“Life is like riding a bicycle. To keep your balance, you must keep moving” ~Albert Einstein

This quote has become a large part of the bicycle culture memography and appears with frequency both on the walls of many a bike shop and bicycle loving home, but is also pervasive on the internet and social media.

As I’m less than a month into my dream job that has taken me no less than 6 years, 4 moves, 2 states, starting and ending my own coaching company, gaining experience along the way to finally obtain; that staying balanced on a bike can be just as hard as balancing the act of riding your bike with the rest of your life.
While I still continue to train hard(er) as a competitive Cat 1 bike racer, it no longer dominates my thoughts, relationships, and time like it used to. Recently, a good friend of mine and I were discussing how it’s possible for me to train like ‘this’ and hold a full time management position.
He said “Life is like bike racing. It keeps getting harder, but you keep getting better at hard.”
Has the training gotten easier? The same? No, it’s harder. Has my job gotten easier? The same? Nope, that’s harder too. Yet I am able to do both now.
How is this possible?
Keep moving forward and you get better and faster at moving forward.
Here’s a few tips that I have learned along the way:
  • Learn to say no and stop wasting energy and time on people and things that waste energy and time. Don’t feel guilty or bad, just learn to set boundaries in the best and most polite way possible but also realize, you’re not going to make everyone happy, and that’s just the way it is.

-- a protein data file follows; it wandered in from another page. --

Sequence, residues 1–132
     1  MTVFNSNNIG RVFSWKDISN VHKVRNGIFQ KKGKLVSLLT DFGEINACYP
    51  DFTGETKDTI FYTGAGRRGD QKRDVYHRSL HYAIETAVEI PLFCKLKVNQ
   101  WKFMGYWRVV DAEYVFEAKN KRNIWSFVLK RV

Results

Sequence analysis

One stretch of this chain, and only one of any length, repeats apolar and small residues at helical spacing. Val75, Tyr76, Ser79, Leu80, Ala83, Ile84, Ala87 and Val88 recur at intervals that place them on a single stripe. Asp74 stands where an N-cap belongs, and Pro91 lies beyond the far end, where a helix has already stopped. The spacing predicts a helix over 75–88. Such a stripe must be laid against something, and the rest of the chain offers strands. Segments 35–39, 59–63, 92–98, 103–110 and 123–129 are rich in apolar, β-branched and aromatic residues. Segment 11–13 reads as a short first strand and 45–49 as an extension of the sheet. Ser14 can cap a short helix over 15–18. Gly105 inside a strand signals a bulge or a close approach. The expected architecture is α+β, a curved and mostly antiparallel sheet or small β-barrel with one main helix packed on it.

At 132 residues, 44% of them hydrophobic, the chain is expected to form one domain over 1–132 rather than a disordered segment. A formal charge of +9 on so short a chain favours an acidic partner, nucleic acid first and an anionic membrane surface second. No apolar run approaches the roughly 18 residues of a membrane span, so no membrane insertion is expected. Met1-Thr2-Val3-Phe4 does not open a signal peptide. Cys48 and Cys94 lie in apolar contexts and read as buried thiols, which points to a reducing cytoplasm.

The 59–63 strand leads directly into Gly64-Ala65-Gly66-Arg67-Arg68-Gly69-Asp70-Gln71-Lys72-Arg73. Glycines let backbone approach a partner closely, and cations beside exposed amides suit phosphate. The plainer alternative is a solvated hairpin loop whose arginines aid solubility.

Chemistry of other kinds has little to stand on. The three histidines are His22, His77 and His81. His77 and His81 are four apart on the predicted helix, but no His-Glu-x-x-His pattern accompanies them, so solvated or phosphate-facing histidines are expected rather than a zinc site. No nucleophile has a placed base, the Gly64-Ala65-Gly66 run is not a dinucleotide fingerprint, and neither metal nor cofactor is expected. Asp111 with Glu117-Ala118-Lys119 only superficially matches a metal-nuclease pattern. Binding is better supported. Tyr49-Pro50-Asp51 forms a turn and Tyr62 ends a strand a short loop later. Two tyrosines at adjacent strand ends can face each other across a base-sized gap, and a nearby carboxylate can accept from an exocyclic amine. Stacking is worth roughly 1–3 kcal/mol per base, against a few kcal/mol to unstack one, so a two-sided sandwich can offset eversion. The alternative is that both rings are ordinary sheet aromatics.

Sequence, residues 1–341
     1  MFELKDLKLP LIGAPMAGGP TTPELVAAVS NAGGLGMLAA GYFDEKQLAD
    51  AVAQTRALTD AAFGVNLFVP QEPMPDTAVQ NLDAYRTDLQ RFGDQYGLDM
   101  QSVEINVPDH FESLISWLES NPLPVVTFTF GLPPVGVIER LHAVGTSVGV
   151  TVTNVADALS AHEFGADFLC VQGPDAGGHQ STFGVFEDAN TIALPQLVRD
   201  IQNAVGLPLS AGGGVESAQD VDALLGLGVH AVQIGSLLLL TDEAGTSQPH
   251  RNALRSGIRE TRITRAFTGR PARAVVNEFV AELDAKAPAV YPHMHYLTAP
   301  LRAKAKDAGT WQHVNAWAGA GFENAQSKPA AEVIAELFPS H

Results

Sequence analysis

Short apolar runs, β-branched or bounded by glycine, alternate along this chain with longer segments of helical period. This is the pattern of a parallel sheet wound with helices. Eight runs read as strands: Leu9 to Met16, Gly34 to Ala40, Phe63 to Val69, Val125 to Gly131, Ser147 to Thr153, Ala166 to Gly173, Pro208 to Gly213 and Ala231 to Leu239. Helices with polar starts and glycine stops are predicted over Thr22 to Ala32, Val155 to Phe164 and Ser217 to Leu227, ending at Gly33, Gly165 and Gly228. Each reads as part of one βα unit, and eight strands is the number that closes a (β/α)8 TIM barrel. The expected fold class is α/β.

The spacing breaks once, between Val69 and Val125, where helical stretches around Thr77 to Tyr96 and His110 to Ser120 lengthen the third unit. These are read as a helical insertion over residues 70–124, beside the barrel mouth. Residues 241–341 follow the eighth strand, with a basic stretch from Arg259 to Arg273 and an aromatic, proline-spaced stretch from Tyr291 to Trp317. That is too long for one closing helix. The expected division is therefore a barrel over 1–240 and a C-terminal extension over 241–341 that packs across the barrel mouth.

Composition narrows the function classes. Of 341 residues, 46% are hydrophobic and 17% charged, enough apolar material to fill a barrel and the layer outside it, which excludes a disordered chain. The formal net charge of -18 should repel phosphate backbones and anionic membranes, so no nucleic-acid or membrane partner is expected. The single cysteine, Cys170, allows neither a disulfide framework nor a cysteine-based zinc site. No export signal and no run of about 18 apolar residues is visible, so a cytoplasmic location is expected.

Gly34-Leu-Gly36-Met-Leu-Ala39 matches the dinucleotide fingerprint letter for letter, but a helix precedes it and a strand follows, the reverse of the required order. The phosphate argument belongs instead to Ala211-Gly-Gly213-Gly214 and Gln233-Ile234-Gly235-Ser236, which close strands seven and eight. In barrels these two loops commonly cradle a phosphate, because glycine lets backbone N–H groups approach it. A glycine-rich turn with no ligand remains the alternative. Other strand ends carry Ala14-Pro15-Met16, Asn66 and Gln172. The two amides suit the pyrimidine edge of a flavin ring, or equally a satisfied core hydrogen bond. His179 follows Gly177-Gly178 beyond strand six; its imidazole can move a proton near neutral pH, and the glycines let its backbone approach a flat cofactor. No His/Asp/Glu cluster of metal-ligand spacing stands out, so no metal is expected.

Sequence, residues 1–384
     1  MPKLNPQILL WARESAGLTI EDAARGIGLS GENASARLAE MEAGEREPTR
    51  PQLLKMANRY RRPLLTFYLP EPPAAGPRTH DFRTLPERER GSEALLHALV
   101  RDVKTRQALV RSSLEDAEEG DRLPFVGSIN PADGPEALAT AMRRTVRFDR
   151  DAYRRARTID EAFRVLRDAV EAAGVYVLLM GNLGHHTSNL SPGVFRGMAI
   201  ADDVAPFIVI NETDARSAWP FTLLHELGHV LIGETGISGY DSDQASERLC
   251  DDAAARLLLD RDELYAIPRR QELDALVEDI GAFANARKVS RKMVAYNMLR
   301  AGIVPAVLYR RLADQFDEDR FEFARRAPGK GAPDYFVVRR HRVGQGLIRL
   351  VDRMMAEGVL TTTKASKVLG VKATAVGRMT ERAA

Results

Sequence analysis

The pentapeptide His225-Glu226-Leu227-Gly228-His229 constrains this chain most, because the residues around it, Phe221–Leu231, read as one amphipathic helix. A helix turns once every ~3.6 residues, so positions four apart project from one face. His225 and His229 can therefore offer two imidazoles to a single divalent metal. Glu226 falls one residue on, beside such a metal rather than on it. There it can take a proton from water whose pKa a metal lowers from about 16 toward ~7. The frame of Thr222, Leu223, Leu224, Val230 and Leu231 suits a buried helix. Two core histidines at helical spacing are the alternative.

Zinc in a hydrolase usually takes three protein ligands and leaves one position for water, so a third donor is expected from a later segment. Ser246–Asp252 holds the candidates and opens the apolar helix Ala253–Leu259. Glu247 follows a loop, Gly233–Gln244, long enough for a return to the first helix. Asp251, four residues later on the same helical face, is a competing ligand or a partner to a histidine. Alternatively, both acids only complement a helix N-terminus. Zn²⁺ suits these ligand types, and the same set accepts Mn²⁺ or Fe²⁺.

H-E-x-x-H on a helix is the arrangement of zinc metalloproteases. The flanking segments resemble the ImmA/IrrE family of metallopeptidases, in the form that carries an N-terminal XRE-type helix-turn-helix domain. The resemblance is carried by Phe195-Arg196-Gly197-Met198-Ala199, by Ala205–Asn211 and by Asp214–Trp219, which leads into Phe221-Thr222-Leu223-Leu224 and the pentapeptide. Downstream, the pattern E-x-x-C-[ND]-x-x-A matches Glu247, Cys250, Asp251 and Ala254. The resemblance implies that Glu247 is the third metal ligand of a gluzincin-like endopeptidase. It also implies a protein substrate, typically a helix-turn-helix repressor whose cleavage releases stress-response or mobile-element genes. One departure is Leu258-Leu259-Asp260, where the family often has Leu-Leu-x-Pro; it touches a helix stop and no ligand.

• Learn to be present and follow your path. These two statements mean so much to me that I got them tattooed on my left forearm. They are very simply said but two of the most difficult practices I attempt every second of every day.
  • Learn to listen to your body, mind and soul and recover when you need to. At the end of the day, no one cares as much about you and your health as you do. No one. Sometimes you have to dig a little hole in your energy bank but make sure you know how deep you can dig before you have to take a break; and only you can know that and only you can stop yourself. This goes back to point #1 of setting boundaries.
  • Learn to compartmentalize and stay focused. When you’re in the moment of whatever task you’re doing, you are at your most productive. If you’ve already scheduled out a certain amount of time for a training ride, answering work e-mails, spending time with friends or even taking a nap, be 100% there so you can stay focused, productive, not worrying about the future (your never-ending-to-do-list-that-runs-through-your-brain-24/7…STOP THAT). This goes back to points #1 & 2.
  • There is nothing more important than a true friend and the most important part of anyone’s life are the relationships they have. Think about that one for awhile.
I’m no expert at life and there is no one magic formula and things aren’t black and white, but if even one sentence of this post helps you, then it was worth writing.
By Heather Nielson – Seattle, Washington – Heather is a professional cycling coach for Cycle University in Seattle Washington. In her spare time she enjoys reading, art, cooking and spending time with friends. Follow her at, @ridempowered on twitter, and facebook.